02 May 2016

Koya-san: Sacred Mountain

Koya-san is located south of Osaka, in a mountainous area surrounded by eight peaks. Kobo Daishi, founder of the Shingon sect of Buddhism in Japan, selected this place in the year 819 to build its headquarters, because he believed that the terrain auspiciously resembled a lotus plant. The area is still populated by over 100 temples today, and due to the presence of Kobo Daishi's mausoleum, is a popular point of pilgrimage.

My own journey to Koya-san felt somewhat like a pilgrimage, having to take three trains, a funicular railway and a bus to get there. The long journey is at least scenic, with the last section of the train winding through luscious mountain forest, and the final climb offering a dizzying view.

Boarding the funicular at Gokurakubashi station

Once at the top of the funicular station, you have to take a bus down into Koya-san itself, as the mountain roads have been deigned too narrow to accommodate both vehicles and pedestrian tourists. I took the bus all the way to Okunoin, the site of the mausoleum of Kobo Daishi, which is at the far end of the town, and began my exploration of the area there.

Okunoin was definitely the area in Koya-san that I most looked forward to visiting, as I find visiting cemeteries for different religions and in different countries quite fascinating. They are more often than not, awe-inspiring places that reveal much about the history of the area. Okunoin certainly promised to be impressive, being home to 200,000 Buddhist tombstones. It didn't disappoint, and I could have spent several hours there if I'd had more time.

The many tombstones, statues and votive figures, some of vastly different ages, all closely packed together, made for an awesome sight in this ancient forest. The cool and shaded nature of the place made it feel like a sanctuary. The awesome walk through this cemetery eventually leads you, after roughly a 2km walk, to Kobo Daishi's Mausoleum and Torodo Hall (a hall with 10,000 lanterns that are kept eternally lit). These are in a sacred area dedicated to prayer, where photography is strictly prohibited. 

After making my way out of the Okunoin complex, I walked back into town, where a number of key sights are clustered together. You can buy a combination ticket for 1,500 JPY to visit 6 different venues (the ticket can be bought at any of the venues I mention below). It not only saves you money if you visit most of them, but also saves you the hassle of counting out your change each time you want to enter another venue. The ticket itself also makes for a nice memento of the day!

Kongobuji Temple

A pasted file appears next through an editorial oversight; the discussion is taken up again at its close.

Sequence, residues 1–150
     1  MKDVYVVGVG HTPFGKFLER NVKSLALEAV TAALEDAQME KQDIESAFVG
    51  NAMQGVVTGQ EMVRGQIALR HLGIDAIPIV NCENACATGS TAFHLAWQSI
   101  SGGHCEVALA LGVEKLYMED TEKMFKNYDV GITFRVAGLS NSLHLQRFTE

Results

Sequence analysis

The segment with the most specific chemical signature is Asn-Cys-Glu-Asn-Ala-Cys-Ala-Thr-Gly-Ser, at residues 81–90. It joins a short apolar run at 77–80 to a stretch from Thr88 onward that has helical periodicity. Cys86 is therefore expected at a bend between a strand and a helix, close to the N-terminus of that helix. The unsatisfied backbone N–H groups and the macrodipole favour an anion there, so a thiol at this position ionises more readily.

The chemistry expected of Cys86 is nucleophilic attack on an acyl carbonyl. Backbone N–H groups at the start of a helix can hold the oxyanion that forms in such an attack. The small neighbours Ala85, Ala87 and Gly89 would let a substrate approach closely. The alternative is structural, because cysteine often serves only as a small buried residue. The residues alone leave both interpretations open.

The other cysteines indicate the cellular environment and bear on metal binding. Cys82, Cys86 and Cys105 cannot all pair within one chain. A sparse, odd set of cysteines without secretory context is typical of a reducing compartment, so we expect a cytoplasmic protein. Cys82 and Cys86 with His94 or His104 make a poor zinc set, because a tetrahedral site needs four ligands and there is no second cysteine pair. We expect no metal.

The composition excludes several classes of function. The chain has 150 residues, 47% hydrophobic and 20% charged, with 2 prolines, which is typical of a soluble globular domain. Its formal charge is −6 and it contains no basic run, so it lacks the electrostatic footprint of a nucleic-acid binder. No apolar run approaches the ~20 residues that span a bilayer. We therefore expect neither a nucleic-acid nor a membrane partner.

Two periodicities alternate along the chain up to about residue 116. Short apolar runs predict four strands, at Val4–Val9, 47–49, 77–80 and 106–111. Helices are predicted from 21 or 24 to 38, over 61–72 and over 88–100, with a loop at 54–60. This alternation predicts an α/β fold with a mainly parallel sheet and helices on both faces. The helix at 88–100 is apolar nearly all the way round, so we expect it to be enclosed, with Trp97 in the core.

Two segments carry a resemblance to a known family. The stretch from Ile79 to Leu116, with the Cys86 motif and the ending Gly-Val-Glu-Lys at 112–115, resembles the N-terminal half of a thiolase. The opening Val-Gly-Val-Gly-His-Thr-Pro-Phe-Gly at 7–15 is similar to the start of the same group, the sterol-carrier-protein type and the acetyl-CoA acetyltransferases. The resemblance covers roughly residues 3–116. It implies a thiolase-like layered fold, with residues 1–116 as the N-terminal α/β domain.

Kongobuji Temple is the head temple of the Shingon Sect, and you can enter the temple itself. Admission is 500 JPY if bought on its own, or you can buy the combination ticket mentioned above.

The main attraction inside the temple are the painted sliding screens (however, no photography of the screens is allowed). Entry to the temple also includes a free cup of green tea and cracker, which you can enjoy in the large tatami hall.

Entrance to Kongobuji Temple

View from the interior of the temple

View from the interior of the temple

Complimentary cup of green tea

Reihokan Museum
Although this museum holds thousands of pieces of Buddhist art work, only a small selection of the collection can be displayed at any one time, making it a manageable museum that can be enjoyed in an hour or so. When I visited, items on display included statues of the five wisdom kings and large world mandalas.

Garan Temple Complex
This is Koya-san's main temple complex, which was founded by Kobo Daishi. Its two primary structures are the Kondo Hall and Konpon Daito Pagoda. Entry to both of these is included in the Koya-san combination ticket. Inside the pagoda there is a statue of Vairocana Buddha.

Inside the Garan Temple complex

Inside the Garan Temple complex

Konpon Daito pagoda

Tokugawa Mausoleum
These two mausolea enshrine the first two shogun of the Tokugawa family, and are set amongst an impressive forest back-drop.

The two mausolea are identical...

...and have an impressive forest back-drop

The mausolea are located on the way back up towards the funicular station, so are a good last stop before catching the bus back up.

Whilst waiting for the bus back, we noticed a sign pointing up into the woods, showing the directions for Bentendake shrine, roughly a 1km hike away. Despite an accompanying sign warning that bears had recently been spotted in the woods (!), we braved the hike, and were rewarded with breath-taking views across the valley when we finally made it to the top.

Koya-san definitely sits near the top of my list in terms of places to visit in the Kansai region. It is not the easiest place to get to, but the remote nature of the area is a huge part of its charm. It was incredibly restorative to get away from the busy city for a day, breathe the fresh air in the mountains, and visit this spiritual centre. 

One thing I sadly wasn't able to experience at Koya-san was shukubo, an overnight lodging at a Buddhist temple. This must be a really unique experience, where you get an insight into the lives of Buddhist monks for one night, staying in a traditional Japanese room and also eating the vegetarian monk's cuisine at dinner and breakfast. If I ever make a second pilgrimage to Koya, I will definitely arrange this.

Have you ever visited a site of pilgrimage, either in Japan or elsewhere?


  1. Love this post Steph and I'm really looking forward to visiting in October. I'm surprised at how few people are visible in your photos. I thought it was a popular place to visit?

    1. Thanks Hannah :) There were actually a fair amount of people there, I just waited for them to move out of the shot before taking a photo, haha. But it certainly wasn't the busiest place I've visited... and we were in fact the only people at the Tokugawa mausoleum which was cool.